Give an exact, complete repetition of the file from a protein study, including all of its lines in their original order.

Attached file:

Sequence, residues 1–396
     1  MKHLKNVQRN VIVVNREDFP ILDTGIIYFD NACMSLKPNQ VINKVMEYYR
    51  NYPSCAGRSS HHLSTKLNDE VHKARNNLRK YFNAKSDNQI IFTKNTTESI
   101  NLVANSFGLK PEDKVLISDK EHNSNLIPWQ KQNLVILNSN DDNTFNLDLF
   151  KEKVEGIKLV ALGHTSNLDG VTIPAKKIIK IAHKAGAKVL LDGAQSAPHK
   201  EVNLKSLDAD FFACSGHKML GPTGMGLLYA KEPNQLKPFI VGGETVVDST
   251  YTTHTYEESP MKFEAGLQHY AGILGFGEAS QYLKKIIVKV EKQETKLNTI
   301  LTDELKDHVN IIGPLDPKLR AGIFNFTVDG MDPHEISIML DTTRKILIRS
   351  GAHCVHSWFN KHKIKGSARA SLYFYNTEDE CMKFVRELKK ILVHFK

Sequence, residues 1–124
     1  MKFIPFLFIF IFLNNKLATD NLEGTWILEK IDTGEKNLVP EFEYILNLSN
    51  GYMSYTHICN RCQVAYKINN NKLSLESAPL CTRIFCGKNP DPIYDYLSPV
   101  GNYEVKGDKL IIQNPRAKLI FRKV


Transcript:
Sequence, residues 1–396
     1  MKHLKNVQRN VIVVNREDFP ILDTGIIYFD NACMSLKPNQ VINKVMEYYR
    51  NYPSCAGRSS HHLSTKLNDE VHKARNNLRK YFNAKSDNQI IFTKNTTESI
   101  NLVANSFGLK PEDKVLISDK EHNSNLIPWQ KQNLVILNSN DDNTFNLDLF
   151  KEKVEGIKLV ALGHTSNLDG VTIPAKKIIK IAHKAGAKVL LDGAQSAPHK
   201  EVNLKSLDAD FFACSGHKML GPTGMGLLYA KEPNQLKPFI VGGETVVDST
   251  YTTHTYEESP MKFEAGLQHY AGILGFGEAS QYLKKIIVKV EKQETKLNTI
   301  LTDELKDHVN IIGPLDPKLR AGIFNFTVDG MDPHEISIML DTTRKILIRS
   351  GAHCVHSWFN KHKIKGSARA SLYFYNTEDE CMKFVRELKK ILVHFK

Sequence, residues 1–124
     1  MKFIPFLFIF IFLNNKLATD NLEGTWILEK IDTGEKNLVP EFEYILNLSN
    51  GYMSYTHICN RCQVAYKINN NKLSLESAPL CTRIFCGKNP DPIYDYLSPV
   101  GNYEVKGDKL IIQNPRAKLI FRKV